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#PRFAIL: Burger King’s New “Vietnamese” Burger Ad a Recipe for Disaster

#PRFAIL: Burger King’s New “Vietnamese” Burger Ad a Recipe for Disaster

Pull up any YouTube video of the late comedians George Carlin or Bernie Mac (as two examples), and you’ll find that a host of the comments say largely the same thing: “Why can’t we go back to the good old days where people could make jokes without causing all kinds of offense?”

Whether you’re inclined to agree with these commenters or not, one thing is for certain: our world is a much more sensitive place than it was ten, five, probably even two years ago. And the eggshells seem to get more fragile by the day.

My point here being, businesses ignore this new reality at their own peril. The latest casualty of this disregard for cultural sensitivity (as one method of causing offense) is Burger King.

Burger King New Zealand posted an ad on its Instagram account promoting its new Vietnamese Sweet Chili Tendercrisp Burger which showed a group of “westerners” attempting to eat the burger with a pair of oversized red chopsticks (and failing miserably, of course). The caption said, “Take your taste buds all the way to Ho Chi Minh City.”1

Twitter users were quick to point out that depictions of chopsticks as shorthand for Asian food play off of racial stereotypes, and that adding “Sweet Chili” as an ingredient doesn’t make a dish Vietnamese in any meaningful sense of the word.2 Some people found it particularly egregious in light of the fact that Dolce & Gabbana had faced similar, widely-publicized backlash for featuring a Chinese model using chopsticks to eat Italian food in an ad in 2018.3

“It says a lot [about] what kind of demographics [Burger King] must employ across the board for their ads,” said the Twitter user who had originally pointed out the offense.4

Not everyone was put off by the ad – a few people sympathized with Burger King for what they felt was an innocent joke about westerners having difficulty with chopsticks5 – but the critical mass of outrage was enough to necessitate a corporate response.

I’m a Westerner myself, and I can be pretty abysmal at using chopsticks—plus our own American humor is to find humor in differences by poking fun… but not all parts of the world share our flippancy and insouciance (big word—means playful disregard). Part and parcel of PR campaigns is considering the mores and attitudes of other cultures—never more important then in today’s hyper-sensitive society.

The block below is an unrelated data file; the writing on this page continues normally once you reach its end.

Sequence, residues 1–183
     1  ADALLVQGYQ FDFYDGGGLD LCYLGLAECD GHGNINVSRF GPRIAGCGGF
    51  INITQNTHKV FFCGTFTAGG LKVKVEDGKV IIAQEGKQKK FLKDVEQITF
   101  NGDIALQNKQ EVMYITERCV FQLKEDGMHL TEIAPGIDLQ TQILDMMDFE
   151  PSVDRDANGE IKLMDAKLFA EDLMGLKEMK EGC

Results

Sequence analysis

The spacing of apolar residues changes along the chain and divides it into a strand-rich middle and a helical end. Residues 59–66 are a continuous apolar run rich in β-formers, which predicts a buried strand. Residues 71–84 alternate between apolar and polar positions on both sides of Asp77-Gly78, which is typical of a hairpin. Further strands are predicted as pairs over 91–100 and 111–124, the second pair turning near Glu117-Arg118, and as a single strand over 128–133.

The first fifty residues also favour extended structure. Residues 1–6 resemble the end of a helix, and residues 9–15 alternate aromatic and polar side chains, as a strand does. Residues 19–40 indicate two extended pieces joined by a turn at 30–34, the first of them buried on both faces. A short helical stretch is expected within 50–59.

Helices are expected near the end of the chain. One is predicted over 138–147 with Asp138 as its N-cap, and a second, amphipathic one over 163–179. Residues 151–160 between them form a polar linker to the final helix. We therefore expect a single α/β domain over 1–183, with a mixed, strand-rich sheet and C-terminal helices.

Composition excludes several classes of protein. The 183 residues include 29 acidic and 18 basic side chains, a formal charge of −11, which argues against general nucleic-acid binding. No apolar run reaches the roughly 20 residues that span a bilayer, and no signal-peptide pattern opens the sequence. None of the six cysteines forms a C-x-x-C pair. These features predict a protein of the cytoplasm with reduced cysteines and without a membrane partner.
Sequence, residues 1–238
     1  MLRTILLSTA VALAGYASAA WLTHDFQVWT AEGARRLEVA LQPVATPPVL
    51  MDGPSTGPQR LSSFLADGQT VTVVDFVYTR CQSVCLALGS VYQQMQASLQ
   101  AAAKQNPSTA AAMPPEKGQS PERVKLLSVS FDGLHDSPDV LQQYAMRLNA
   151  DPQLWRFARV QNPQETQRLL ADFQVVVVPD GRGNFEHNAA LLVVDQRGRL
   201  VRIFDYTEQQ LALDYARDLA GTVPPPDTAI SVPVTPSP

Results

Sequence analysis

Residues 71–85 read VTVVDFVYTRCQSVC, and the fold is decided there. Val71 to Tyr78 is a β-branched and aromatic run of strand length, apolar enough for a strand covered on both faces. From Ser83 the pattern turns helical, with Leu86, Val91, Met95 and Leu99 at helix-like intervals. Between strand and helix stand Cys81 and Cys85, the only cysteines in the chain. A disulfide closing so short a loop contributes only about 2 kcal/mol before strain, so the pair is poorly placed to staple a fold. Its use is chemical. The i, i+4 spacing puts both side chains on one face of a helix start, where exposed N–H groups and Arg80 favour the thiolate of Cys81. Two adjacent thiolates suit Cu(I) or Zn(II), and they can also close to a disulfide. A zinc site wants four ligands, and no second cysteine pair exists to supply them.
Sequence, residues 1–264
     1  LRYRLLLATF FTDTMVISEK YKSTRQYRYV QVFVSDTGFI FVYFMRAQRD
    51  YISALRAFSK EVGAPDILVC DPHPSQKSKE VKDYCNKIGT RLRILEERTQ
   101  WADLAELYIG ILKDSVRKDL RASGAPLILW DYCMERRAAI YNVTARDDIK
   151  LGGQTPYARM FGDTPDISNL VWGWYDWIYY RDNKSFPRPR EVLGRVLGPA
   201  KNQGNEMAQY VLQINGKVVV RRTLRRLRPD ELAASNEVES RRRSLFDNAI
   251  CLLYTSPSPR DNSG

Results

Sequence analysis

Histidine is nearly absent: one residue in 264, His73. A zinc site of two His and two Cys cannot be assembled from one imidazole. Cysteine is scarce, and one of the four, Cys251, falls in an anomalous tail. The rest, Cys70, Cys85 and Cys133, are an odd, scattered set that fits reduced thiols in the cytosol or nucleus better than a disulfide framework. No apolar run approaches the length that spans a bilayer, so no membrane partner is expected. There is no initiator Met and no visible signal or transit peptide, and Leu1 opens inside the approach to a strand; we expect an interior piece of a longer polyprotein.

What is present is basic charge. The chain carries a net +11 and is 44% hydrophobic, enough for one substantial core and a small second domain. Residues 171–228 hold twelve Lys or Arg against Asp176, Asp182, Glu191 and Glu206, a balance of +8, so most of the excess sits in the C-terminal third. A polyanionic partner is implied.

Burger King later deleted the video from its Instagram account and stated: “The ad in question is insensitive and does not reflect our brand values regarding diversity and inclusion.”6

A predictable reaction, but this incident could and should have been prevented by the PR/marketing team having their ears to the ground in the first place. The double whammy, as I mentioned, was dealt by the Twitter user’s insinuation that BK’s marketing arm only attempts to sell its food to one racial demographic – more damning and damaging than a simply insensitive blunder. And especially for a company like Burger King, trying to create that brand of pseudo-international variety in what is fundamentally American food, absolute precision in terms of the advertisement’s tone and image was in order.

With that, I am going to end with a joke about “culture shock”—and I apologize if it offends anyone ahead of time:

“Two immigrants arrive in the United States and are discussing the difference between the Old Country and the U.S.

“One of them says that he’s heard that people in the U.S. eat dogs, and if they’re going to fit in, they better eat dogs as well. So they head to the nearest hot dog stand and order two ‘dogs.’

“The first guy unwraps his, looks at it, and nervously looks at his friend.
“What part did you get?
7

Bada bing!

Now, I’m hungry for a WHOPPER.

 

1) Green, Jeff, and Leslie Patton. “Burger King Apologizes After Chopsticks Ad Blunder.” Time, Time, 9 Apr. 2019, time.com/5566429/burger-king-chopsticks-ad-criticism/.

2) Schaltegger, Megan. “Burger King Is Apologizing After Airing A Commercial With Customers Using Chopsticks To Eat The New Vietnamese Burger.” Delish, Delish, 9 Apr. 2019, www.delish.com/food-news/a27087298/burger-king-chopsticks-commercial-vietnamese-burger/.

3) Bramwell, Kris, and Kerry Allen. “Burger King Remove ‘Racist’ Chopsticks Ad.” BBC News, BBC, 9 Apr. 2019, www.bbc.com/news/blogs-trending-47866381.

4) Schaltegger, Megan. “Burger King Is Apologizing After Airing A Commercial With Customers Using Chopsticks To Eat The New Vietnamese Burger.” Delish, Delish, 9 Apr. 2019, www.delish.com/food-news/a27087298/burger-king-chopsticks-commercial-vietnamese-burger/.

5) Bramwell, Kris, and Kerry Allen. “Burger King Remove ‘Racist’ Chopsticks Ad.” BBC News, BBC, 9 Apr. 2019, www.bbc.com/news/blogs-trending-47866381.

6) Ibid.

7) “Funny Jokes | Culture Shock Joke | Comedy Central.” Funny Jokes | Culture Shock Joke | Comedy Central, jokes.cc.com/funny-nationality/7fh9xn/culture-shock.


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